Thursday, December 31, 2020

A look at the economic loss of hockey in Springfield during the pandemic

By Zachary Baru

Just how far does the economic loss of the Springfield Thunderbirds run in Downtown Springfield during the pandemic?  The toll might be much more than one would think.  

The truly measure the loss of Springfield's American Hockey League franchise during COVID-19, you would have to start before the game is played, and before the fans even start making their way to the venue.  The full economic benefit of the Thunderbirds comes from more than just fans.  It's the players, staff from both teams and the league and the media.  Technically, players from the Thunderbirds start contributing to the local economy months weeks before the first game of the season, as all of the players are moved to the area.  But for this look at the economic input, let's keep it to a gameday snapshot.  

If you start with the players, each gameday you have a full team of players coming from out of town and visiting.  This can benefit restaurants, and if the team is staying over night, it can bring extra players along with coaches and staff to hotels.   There are also media members covering not the Thunderbirds, the away team, and the league as well.  Scouts are also frequent in the AHL, just one level below the National Hockey League.  These scouts need restaurants, as well as hotels during their stay in Springfield.

We have not even come to the fans yet.  Fans fill into Downtown restaurants before the game to have a pre-game meal or meet up with friends, and many times after the game will again go out for a post-game meal or drink at a local bar.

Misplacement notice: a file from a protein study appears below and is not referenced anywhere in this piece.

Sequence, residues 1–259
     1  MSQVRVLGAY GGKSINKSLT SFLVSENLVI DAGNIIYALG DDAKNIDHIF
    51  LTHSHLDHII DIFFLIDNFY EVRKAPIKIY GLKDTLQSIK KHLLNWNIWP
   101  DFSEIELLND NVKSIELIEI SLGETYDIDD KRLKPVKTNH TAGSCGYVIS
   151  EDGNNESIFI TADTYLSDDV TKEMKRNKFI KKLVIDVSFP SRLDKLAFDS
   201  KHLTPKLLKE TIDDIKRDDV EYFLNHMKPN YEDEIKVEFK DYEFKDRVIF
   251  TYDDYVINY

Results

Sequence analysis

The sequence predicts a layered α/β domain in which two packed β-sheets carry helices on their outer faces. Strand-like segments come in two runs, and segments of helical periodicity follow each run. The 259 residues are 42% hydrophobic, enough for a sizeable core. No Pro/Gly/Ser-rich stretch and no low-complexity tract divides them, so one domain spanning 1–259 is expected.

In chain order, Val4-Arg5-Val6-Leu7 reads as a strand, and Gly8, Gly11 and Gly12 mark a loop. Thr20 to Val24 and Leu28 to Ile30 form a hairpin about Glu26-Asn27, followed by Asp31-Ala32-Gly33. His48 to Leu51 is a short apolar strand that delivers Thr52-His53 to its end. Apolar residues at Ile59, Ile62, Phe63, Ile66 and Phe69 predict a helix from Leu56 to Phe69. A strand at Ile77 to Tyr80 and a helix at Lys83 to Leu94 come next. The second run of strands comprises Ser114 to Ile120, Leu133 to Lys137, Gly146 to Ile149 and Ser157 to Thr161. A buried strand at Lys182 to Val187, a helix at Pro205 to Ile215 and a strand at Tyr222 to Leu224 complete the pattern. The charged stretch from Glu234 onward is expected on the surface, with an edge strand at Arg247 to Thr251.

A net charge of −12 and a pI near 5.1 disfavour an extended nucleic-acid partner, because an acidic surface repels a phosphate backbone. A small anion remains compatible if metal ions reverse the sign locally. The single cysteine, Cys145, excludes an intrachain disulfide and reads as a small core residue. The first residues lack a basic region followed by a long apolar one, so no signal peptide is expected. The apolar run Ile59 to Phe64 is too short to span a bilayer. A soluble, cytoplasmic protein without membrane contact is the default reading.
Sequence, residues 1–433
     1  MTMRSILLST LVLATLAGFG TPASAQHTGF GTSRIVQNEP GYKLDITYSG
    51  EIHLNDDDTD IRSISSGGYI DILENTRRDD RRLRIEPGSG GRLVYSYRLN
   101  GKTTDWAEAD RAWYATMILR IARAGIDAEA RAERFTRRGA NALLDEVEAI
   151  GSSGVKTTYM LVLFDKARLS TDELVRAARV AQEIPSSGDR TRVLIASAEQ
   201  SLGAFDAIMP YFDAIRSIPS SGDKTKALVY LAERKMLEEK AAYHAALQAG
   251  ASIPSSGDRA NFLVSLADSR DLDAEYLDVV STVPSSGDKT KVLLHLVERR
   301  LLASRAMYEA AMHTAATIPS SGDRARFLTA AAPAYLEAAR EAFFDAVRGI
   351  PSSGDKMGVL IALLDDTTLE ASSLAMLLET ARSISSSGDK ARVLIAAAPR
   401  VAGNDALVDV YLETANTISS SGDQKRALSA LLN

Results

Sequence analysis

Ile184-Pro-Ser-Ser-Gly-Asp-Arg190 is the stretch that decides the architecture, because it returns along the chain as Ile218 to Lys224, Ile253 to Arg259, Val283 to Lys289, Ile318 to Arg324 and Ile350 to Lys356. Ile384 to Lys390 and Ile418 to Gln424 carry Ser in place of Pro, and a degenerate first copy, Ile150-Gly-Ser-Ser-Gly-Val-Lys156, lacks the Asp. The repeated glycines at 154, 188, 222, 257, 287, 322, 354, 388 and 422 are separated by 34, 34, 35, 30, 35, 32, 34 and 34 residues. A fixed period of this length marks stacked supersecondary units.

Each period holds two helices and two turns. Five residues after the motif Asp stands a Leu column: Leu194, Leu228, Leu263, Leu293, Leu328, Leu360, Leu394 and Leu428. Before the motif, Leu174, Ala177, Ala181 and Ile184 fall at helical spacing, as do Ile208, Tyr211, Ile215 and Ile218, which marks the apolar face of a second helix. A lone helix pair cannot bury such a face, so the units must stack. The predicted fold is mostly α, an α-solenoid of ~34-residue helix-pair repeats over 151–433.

Restaurants and hotels usually get most of the attention around sports events or concerts, but all businesses in the area will see more people coming in and out.  This goes for the large ones such as MGM Springfield, but also businesses and stores people might shop at such as gas stations, drugstores and other retail. 

For all of this economic activity, the locally-owned businesses see more revenue, benefiting business owners and trickling down to the paychecks of employees through wages.  But for the city and the state, the real economic gain is through local and state sales taxes.  This is especially evident when away team fans, players, staff or media stay at local hotels.  Local taxes are added to hotel bills, greatly contributing to the local economy.

While this is just a fairly quick look at how the local economy is affected by one single hockey game in Springfield, a full study would reveal the many ways businesses benefit, as does local and state tax revenue.  The Thunderbirds are an economic driver for Springfield, and the pandemic provides a rare opportunity to see truly, how important this franchise means for our city.

Zach Baru can be followed on Twitter @zbaru and reached at zachbaru@gmail.com.  Zach also writes SportsBusinessBoston.com.

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